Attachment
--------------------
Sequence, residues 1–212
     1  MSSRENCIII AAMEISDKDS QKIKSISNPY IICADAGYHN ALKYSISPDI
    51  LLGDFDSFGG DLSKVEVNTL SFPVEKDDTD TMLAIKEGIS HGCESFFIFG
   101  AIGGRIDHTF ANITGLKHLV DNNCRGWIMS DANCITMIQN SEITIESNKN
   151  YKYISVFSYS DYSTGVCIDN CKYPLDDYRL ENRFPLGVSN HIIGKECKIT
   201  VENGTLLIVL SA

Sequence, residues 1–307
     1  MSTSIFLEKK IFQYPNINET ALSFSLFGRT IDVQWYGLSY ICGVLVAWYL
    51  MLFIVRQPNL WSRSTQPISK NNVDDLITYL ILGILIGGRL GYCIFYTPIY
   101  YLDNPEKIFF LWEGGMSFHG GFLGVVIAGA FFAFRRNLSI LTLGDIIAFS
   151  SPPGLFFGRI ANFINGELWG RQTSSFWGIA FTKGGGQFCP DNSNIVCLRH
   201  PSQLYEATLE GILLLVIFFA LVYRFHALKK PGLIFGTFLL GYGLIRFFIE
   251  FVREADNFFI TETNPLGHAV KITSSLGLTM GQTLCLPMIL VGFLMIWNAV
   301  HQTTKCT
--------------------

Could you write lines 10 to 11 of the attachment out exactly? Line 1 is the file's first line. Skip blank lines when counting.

   101  YLDNPEKIFF LWEGGMSFHG GFLGVVIAGA FFAFRRNLSI LTLGDIIAFS
   151  SPPGLFFGRI ANFINGELWG RQTSSFWGIA FTKGGGQFCP DNSNIVCLRH